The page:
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Gwen and Jules F. Knapp awarded the University of Chicago Medal

May 15 , 2007

On May 4, 2007, the University of Chicago awarded Gwen and Jules F. Knapp the University of Chicago Medal. Established in 1976 by President John T. Wilson, the University of Chicago Medal recognizes distinguished service of the highest order to the University by an individual or individuals over an extended period of time. The medal is awarded by the trustees of the University and is among the highest honors bestowed by the University. In a ceremony culminating the fifth annual daylong celebration Chicago Convenes, the Knapps became the thirteenth and fourteenth individuals to receive the Medal. “To act as partners with a great University in order to help people is a tremendous honor,” Mr. Knapp said.

The Knapps’ transformational gifts to the University’s Biological Sciences Division and Medical Center are making possible critical research that will revolutionize the understanding and treatment of some of the most devastating human diseases — and potentially eradicate them. Giving to help others is a fundamental value for the Knapps, stemming in great part from their faith and their fidelity to the core Judaic principle of tzedakah, a sacred obligation in the Jewish faith to help others through charitable giving and service. Because the Knapps hold this obligation in the highest seriousness, “we have always been philanthropists,” says Mrs. Knapp, “if not always on a grand scale. This is part of our Jewish heritage.” Their commitment to tzedakah has inspired the Knapps to give widely to causes including the Jewish Children’s Bureau, Merit School of Music, Northwestern University, and Students in Free Enterprise.

The Knapps have also been moved to help others by their strong dedication to family. Their daughter Joy Faith’s years-long struggle against lupus and her eventual loss to the disease have been influential in directing a great share of the Knapps’ generosity to medical research that has the promise to prevent, treat, and cure immunological diseases like lupus. “Maybe we can help some other people with our giving,” says Mr. Knapp, “and they won’t have to suffer as we have suffered losing our daughter.”

Gwen and Jules Knapp are lifelong Chicagoans, raised on the northwest side and near the University on the south side of the city, respectively; they now live in the nearby suburb of Glencoe and in Stuart, Florida. “My mother was a great influence in my life,” Mr. Knapp says, “and she dreamed of me going to the University of Chicago. Receiving the University Medal is beyond any of her expectations.” The close ties that Mr. Knapp eventually would form with the University were for the time deferred as he attended college at the University of Illinois at Urbana-Champaign and began his career selling paintbrushes.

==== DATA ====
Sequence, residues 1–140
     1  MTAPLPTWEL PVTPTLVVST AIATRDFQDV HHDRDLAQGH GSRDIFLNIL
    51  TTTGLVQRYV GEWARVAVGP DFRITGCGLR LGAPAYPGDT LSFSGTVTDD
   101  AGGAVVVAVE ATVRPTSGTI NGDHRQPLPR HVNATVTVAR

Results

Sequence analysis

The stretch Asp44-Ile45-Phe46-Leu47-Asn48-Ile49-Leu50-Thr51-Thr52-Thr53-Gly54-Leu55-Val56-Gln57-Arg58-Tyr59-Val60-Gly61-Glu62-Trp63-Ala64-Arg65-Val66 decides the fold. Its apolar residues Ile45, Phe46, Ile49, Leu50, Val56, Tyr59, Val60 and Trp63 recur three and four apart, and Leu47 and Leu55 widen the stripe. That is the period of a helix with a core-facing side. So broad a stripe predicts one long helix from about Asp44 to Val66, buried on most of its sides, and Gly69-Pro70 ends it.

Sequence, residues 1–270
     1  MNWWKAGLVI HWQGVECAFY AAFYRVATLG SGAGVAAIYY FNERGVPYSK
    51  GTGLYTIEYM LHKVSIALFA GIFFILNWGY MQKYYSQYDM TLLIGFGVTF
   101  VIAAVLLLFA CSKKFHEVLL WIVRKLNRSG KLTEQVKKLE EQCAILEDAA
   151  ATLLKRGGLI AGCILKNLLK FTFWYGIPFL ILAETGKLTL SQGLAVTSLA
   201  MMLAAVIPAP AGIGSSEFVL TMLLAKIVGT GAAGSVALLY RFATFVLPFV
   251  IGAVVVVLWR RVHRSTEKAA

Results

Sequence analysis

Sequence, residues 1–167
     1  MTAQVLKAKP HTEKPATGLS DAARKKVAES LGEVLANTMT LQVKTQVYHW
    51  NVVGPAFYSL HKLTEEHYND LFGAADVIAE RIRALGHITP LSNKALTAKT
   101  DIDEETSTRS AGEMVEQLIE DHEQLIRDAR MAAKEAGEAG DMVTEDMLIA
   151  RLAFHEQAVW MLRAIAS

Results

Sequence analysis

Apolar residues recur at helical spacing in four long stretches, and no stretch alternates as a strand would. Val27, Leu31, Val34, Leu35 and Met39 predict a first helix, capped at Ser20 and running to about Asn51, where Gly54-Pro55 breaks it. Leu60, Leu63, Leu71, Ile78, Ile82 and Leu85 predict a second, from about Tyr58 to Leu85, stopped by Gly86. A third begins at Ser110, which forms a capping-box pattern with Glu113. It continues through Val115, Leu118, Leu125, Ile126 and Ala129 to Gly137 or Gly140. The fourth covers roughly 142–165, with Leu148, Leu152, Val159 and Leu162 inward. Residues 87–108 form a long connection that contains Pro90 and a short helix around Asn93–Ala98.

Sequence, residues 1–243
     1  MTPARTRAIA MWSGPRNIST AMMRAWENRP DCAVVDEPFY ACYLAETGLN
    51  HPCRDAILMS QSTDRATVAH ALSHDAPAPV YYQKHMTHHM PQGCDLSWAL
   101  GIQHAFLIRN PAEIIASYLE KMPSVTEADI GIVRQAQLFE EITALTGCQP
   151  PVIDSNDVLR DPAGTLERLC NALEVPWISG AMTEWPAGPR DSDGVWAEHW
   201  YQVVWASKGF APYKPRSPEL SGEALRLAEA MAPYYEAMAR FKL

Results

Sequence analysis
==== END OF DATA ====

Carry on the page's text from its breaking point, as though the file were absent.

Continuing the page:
The Knapps met and married in 1956. During their early marriage, Mrs. Knapp worked as an elementary school teacher while Mr. Knapp, after returning from service in the Korean War, turned from selling paintbrushes to manufacturing paint. With his brother he co-founded the paint company United Coatings, Inc. In 1994, United Coatings merged with Buffalo-based Pratt & Lambert, and two years later was sold to Sherwin-Williams. Mr. Knapp sold his stock in the company following the sale and moved on to a new phase of his career, purchasing Grisham Manufacturing in 2000 and turning around the struggling maker of custom steel security doors.

At home the Knapps were raising three daughters. After Joy Faith was diagnosed with lupus in 1981, Mrs. Knapp became a tireless activist and advocate on behalf of people suffering from the poorly understood autoimmune disorder. Her efforts proved a major impetus of the Knapps’ decision to make a groundbreaking gift to the University in 1991 on behalf of lupus and immunology research. The gift established the Gwen Knapp Center for Lupus and Immunology Research, housed in the Jules F. Knapp Medical Research Center. The Knapps’ vision was realized with the 1994 opening of the Center, which houses biochemists, cellular and molecular biologists, geneticists, and immunologists together in an interdisciplinary effort to discover new knowledge, treatments, and cures for immunological diseases.

The Knapps went on to establish the Gwen Knapp Symposium, a yearly conference for world-renowned scientists interested in lupus, and the Joy Faith Knapp Memorial Lecture on autoimmune disease. In 1996 the Knapps were named the first Honorary Fellows of the Biological Sciences Division in recognition of the important impact they had made on the future of medical science and their dedicated support of the University.

In 2006 the Knapps’ landmark gift of $25 million named the Jules and Gwen Knapp Center for Biomedical Discovery, a state-of-the-art facility for translational research at the interface of medicine and basic science. Slated to open in 2008, the building will be home to research that promises to revolutionize the understanding and treatment of cancer, pediatric diseases, and other disorders. “We have hope,” says Mrs. Knapp, “that in our children’s lifetimes some of these diseases will be defeated or their treatments will improve the quality of people’s lives….We hope that our gifts will advance science and the future health and benefit mankind.”


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Last modified at 11:09 AM CST on Monday, July 23, 2007

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